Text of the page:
September 6, 2007
by Jim Saunders
Tallahassee -- As an Iowa court decision refuels a national debate about the issue, Floridians appear headed toward voting next year on a constitutional amendment that would ban same-sex marriages.
Backers of the proposed amendment are getting close to having enough petition signatures to put the issue on the November 2008 ballot, potentially setting up a major political fight.
Florida already has a law that prevents gay and lesbian couples from marrying, but it's not part of the constitution.
Orlando lawyer John Stemberger, who is leading efforts to pass the amendment, said Florida needs to put the ban in the constitution because a judge could overturn the current law.
An Iowa judge last week struck down that state's ban on same-sex marriage, briefly allowing gay couples to wed. The decision was later stayed, pending an appeal.
"Iowa is Exhibit A for why the marriage amendment needs to be codified in the constitution," said Stemberger, president of the conservative Florida Family Policy Council. "Massachusetts (the only state that allows same-sex marriages) is exhibit B."
But many opponents argue such bans discriminate against same-sex couples, preventing them from having the same rights as heterosexual couples.
Also, Damien Filer, a spokesman for a coalition called Fairness for All Families, said the proposed Florida amendment could have far-reaching implications for gay and straight unmarried couples.
Filer said, for example, it could affect health care and other benefits that some government agencies provide to their employees' domestic partners. He said people aren't aware "just how broad the impacts of this could be."
Stemberger said, however, the wording of the amendment would not affect such benefits. He called those arguments a "scare tactic."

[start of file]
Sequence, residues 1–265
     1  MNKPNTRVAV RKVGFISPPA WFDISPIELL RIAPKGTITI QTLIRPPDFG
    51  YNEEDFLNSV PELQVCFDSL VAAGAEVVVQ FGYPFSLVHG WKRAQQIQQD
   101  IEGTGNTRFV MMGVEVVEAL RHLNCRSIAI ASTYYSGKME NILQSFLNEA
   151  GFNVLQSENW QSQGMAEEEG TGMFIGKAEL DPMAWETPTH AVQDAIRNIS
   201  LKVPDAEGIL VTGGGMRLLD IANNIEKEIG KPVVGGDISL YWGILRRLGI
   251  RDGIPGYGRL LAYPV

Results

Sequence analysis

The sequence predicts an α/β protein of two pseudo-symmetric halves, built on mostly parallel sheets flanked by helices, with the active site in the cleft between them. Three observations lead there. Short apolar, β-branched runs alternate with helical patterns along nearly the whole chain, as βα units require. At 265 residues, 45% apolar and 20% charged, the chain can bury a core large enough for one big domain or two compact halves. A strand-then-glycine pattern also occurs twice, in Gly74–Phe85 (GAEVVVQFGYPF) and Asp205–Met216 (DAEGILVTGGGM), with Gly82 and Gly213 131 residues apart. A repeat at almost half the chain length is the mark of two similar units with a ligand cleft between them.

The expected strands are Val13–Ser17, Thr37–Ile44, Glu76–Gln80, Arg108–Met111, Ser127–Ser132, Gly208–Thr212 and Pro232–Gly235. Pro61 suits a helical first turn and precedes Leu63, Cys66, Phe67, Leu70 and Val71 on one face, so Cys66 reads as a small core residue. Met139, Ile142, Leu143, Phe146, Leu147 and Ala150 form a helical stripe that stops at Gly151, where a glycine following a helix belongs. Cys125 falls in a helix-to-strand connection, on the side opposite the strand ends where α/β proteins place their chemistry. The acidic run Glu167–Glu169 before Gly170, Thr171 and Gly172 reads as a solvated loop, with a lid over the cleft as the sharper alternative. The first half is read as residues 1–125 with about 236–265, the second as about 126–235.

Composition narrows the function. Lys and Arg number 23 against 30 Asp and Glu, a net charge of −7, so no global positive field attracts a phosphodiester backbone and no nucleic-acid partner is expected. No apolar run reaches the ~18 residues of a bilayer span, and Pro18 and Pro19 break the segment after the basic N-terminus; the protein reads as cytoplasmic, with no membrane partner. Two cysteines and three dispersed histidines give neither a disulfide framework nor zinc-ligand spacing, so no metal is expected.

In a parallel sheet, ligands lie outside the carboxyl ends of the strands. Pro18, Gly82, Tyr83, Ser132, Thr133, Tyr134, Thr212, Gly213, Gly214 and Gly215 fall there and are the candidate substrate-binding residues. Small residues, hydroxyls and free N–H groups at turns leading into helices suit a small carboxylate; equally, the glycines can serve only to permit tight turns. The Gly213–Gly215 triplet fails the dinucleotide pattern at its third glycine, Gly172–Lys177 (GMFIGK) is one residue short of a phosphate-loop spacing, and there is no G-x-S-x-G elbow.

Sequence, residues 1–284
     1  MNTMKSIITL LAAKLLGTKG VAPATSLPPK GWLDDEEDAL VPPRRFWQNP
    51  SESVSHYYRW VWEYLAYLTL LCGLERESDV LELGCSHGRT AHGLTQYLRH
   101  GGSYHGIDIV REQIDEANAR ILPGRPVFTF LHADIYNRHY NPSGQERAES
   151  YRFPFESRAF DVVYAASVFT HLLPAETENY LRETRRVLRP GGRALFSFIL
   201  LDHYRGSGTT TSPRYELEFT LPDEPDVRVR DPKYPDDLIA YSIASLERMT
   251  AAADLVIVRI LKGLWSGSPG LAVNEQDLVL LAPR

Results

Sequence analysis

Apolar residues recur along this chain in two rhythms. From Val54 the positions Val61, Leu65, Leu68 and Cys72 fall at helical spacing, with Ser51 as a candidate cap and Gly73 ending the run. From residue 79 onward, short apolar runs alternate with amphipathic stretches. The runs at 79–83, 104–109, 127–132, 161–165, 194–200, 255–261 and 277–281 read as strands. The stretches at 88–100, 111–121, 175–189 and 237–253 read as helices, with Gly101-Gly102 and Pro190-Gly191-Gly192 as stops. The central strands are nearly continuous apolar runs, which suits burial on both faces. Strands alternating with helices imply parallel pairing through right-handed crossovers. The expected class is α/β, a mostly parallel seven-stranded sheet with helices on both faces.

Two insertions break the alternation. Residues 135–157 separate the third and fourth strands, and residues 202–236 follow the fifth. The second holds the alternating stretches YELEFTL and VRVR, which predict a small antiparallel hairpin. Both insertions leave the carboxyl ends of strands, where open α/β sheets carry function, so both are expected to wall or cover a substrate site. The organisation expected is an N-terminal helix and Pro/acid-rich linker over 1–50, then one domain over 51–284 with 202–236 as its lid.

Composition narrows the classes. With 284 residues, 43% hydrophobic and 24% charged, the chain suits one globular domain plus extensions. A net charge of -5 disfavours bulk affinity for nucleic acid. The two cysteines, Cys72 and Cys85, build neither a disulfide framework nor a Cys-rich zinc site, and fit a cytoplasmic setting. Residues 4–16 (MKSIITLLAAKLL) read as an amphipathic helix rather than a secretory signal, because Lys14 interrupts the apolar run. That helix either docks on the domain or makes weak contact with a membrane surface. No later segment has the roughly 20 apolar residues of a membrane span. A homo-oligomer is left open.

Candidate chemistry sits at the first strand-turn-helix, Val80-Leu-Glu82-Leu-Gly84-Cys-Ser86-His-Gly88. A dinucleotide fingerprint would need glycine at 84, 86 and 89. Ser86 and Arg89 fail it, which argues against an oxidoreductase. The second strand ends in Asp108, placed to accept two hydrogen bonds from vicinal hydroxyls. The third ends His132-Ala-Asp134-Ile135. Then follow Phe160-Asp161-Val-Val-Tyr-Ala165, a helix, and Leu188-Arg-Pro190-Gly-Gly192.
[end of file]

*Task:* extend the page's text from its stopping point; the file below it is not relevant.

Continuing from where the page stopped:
Same-sex marriage has been a major issue since 2003, when a ruling by Massachusetts' highest court cleared the way for gay and lesbian couples to marry.
In all, 27 states have constitutional provisions that prevent same-sex marriages, according to the National Conference of State Legislatures. Arizona voters defeated such a proposal in 2006.
Supporters of the Florida amendment need to submit 611,000 verified petition signatures by Feb. 1 to get on the ballot. They had more than 594,000 as of Wednesday afternoon. Also, they need to meet varying signature requirements in at least half of the state's congressional districts.
But Stemberger said it's too early to declare that the issue will go before voters, as lawmakers this year made the ballot-initiative process harder.
As an example, lawmakers made it possible for voters to revoke their petition signatures, adding uncertainty for groups trying to get on the ballot.
If the amendment reaches the ballot, it will need approval from 60 percent of voters to pass. That's because of a 2006 change that increased the number of required votes to pass constitutional amendments, up from a simple majority.
Aubrey Jewett, a University of Central Florida political science professor who studies state politics, called the 60 percent requirement the "real wild card."
Jewett said he thinks the amendment will probably pass if it's clear the measure only blocks same-sex marriage. But he said voters might be less likely to support the amendment if it's viewed as potentially taking away benefits from unmarried partners.